Working the forge at the Living Historical Farm


LINCOLN CITY – CJ and Joe Sauer, the father-son blacksmithing duo, have returned to the Living Historical Farm at the Lincoln Boyhood National Memorial. They set up shop right next to the old Lincoln cabin last Wednesday, and continued to demonstrate the ancient art of blacksmithing through July 18. The Sauers utilize methods and tools similar to those that would have been used by the pioneer blacksmiths of the Little Pigeon Creek area. Indeed, much of the iron implements, tools and fittings at the Living Historical Farm were forged by the Sauers, who have been regularly visiting the site for around 20 years.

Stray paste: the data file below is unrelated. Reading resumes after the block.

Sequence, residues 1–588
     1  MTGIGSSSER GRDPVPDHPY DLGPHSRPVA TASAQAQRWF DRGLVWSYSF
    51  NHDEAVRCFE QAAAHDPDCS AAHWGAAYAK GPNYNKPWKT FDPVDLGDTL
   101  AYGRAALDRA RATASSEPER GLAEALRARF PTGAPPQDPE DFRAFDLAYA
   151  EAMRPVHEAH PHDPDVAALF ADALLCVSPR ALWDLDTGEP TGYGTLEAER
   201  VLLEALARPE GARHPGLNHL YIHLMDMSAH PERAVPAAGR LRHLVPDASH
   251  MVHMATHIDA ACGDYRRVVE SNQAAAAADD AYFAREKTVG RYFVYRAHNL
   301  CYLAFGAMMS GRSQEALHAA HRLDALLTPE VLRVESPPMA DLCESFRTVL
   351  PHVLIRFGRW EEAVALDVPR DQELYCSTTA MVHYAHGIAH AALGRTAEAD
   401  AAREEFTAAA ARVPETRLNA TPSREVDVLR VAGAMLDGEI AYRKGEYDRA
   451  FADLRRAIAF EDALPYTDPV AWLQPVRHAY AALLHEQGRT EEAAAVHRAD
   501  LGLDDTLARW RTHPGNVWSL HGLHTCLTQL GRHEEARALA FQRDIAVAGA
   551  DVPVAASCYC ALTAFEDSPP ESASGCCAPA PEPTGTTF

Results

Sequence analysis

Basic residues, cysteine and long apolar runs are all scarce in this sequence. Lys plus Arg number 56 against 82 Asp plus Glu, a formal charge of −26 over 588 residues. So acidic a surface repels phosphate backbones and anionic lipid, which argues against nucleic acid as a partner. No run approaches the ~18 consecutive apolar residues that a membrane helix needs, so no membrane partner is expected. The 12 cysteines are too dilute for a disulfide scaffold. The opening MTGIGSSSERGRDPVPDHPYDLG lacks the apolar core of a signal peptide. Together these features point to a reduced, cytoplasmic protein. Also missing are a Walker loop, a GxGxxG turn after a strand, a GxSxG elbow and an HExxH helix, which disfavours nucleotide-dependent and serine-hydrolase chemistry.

CJ studied blacksmithing at St. Meinrad Archabbey’s trade school, where he was initially planning to become a monk before embarking on his iron-centric career path. Joe watched his father at the forge from a young age, and started swinging a hammer in his own right at the age of nine. 

Joe tends to take center stage at public events these days, laboring over the 3,000-degree furnace and then hammering the hot iron into shape on an anvil. Many small products, such as iron hooks, are given away as souvenirs. These have proven quite popular with foreign tourists, and the Sauers expect a great many of their iron implements can be found adorning households as far away as Asia. 

Story and photos by Don Steen


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